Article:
Friday, February 08, 2008


You've read the myths, the stories, the legends, and you've read the books where vampire characters emerge as heroes and heroines. Movies and even TV series have become huge hits in this genre. So what draws us to the dark and spooky?

Is it truly a psychological safe zone to examine our inner demons or is there a group consciousness this genre triggers? Cell memory or even past life recall? I've been studying this field for more years than I care to claim and the one common thread I've seen in the paranormal tapestry is every culture regardless of geography has a similar story of most of these creatures, all with different names, but all with similar characteristics just as most cultures have a story of a great flood.

Have you stopped to wonder how and why most cultures have some form of a vampire, demon possession and disembodied spirits legends? It's understandable when these cultures are on the same continent. But how is this possible when many of these civilizations were on continents across the world, separated by large oceans and their legends predate seafaring to their land? Does it make you wonder if perhaps there is something more going on than human psyche and unfounded fears? Could it be that vampires do exist and these are the stories handed down through centuries?

Since I could write a book about all of these creatures, I'm focusing on my favorite. Those blood-sucking creatures- Vampires. Could it be the continents are not so far apart because the symptoms of disease have been historically misunderstood? When I wrote, All I Need, I used a French vineyard as a backdrop in the story where my vampire king Armond├ęs runs a very successful wine company and also bottles blood for his clan.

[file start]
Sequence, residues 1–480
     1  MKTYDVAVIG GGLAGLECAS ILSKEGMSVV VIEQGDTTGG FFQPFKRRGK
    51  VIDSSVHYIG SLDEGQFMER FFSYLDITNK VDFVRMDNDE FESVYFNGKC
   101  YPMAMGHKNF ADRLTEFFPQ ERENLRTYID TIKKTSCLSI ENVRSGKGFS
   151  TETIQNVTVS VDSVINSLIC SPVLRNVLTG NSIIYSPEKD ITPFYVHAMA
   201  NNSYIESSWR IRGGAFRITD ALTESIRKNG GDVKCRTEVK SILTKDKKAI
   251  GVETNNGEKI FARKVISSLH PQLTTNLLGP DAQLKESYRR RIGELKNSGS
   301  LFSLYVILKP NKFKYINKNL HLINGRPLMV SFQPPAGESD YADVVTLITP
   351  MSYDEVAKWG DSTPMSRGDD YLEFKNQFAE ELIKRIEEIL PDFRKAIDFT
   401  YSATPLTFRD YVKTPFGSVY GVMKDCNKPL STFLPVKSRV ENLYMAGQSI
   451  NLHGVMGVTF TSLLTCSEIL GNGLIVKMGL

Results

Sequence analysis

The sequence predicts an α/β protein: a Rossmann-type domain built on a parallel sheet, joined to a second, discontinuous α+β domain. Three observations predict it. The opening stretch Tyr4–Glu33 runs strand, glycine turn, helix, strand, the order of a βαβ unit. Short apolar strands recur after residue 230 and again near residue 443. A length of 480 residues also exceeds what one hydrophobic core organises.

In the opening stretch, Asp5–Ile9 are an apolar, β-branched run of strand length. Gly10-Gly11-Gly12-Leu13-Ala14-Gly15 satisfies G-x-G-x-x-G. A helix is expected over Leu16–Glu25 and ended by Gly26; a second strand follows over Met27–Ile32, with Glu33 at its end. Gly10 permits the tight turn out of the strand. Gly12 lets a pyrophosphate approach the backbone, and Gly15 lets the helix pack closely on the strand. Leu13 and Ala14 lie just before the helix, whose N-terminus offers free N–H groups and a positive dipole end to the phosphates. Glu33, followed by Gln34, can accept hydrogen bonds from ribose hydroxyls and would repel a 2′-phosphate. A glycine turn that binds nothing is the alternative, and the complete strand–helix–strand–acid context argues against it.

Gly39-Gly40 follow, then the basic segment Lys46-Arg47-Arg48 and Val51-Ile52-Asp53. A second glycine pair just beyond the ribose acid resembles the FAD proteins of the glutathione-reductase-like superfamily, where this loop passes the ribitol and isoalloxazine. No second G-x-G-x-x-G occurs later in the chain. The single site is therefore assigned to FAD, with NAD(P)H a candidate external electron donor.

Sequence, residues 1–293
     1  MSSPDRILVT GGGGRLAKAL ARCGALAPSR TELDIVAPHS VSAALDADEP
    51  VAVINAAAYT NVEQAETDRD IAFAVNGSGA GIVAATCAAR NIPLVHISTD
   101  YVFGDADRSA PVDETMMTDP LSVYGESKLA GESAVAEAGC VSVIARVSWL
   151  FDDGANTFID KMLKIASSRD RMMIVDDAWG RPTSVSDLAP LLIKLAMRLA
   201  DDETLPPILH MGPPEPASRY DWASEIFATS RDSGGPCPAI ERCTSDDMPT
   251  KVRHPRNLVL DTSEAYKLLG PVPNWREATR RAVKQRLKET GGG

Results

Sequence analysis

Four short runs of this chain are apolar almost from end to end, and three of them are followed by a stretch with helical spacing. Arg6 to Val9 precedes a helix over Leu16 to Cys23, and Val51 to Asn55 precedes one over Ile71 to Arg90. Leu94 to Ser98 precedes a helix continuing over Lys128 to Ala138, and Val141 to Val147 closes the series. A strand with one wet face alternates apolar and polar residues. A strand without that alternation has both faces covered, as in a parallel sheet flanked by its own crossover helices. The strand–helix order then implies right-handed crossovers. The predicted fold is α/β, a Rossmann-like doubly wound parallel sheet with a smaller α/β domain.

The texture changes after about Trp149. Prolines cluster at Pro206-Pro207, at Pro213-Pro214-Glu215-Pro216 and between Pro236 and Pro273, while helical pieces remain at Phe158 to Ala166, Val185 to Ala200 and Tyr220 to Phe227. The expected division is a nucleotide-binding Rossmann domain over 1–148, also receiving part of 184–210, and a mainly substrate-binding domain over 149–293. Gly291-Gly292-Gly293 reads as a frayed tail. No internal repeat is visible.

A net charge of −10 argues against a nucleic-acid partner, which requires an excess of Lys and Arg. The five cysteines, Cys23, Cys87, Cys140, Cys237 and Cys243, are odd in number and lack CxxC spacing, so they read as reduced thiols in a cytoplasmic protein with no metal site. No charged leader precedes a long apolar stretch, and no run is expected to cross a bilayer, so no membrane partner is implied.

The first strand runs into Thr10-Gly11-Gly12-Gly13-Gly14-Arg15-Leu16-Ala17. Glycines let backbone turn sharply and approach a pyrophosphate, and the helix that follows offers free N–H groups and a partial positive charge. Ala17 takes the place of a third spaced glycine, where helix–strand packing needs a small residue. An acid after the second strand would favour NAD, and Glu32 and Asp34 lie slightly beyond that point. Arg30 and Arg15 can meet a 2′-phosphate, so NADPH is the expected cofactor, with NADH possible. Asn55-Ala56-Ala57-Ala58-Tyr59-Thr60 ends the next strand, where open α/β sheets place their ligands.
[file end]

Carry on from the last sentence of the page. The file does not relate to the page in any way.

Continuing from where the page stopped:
In researching this novel, and All I Want, a Scottish Time Travel, I discovered many of the vampiric symptoms could be explained as medical conditions. For instance, Porphyria is a disorder of enzymes found in heme and can make a person sensitive to sunlight. A very severe case of anemia could contribute to the gaunt deathlike paleness associated with a vampire combined with sunlight sensitivity, and the making of a powerful legend begins to emerge. The fear of water as in holy water can be explained by a little understood disease until the 19th century-Rabies. So any person bitten by a rabid animal would become fearful of water and could easily bite anyone trying to help. The spread the disease would imitate the vampire tendencies of biting to spread the disease before the infected would die. Could this have played a part in the creation of the vampire legend? And of course there is vampire bat which would not be in every environment.

The fear of garlic. There are some people who are allergic to garlic. The allergic reactions can vary from skin irritation to stomach problems and in some cases exacerbate asthma symptoms. Such reactions could account for garlic being included in the mythology as well as the long held belief that garlic is a blood purifier. If the vampire's blood has been tainted, made impure, then garlic would be a potential cure or in the extreme, could harm or even kill whatever was living inside the vampire.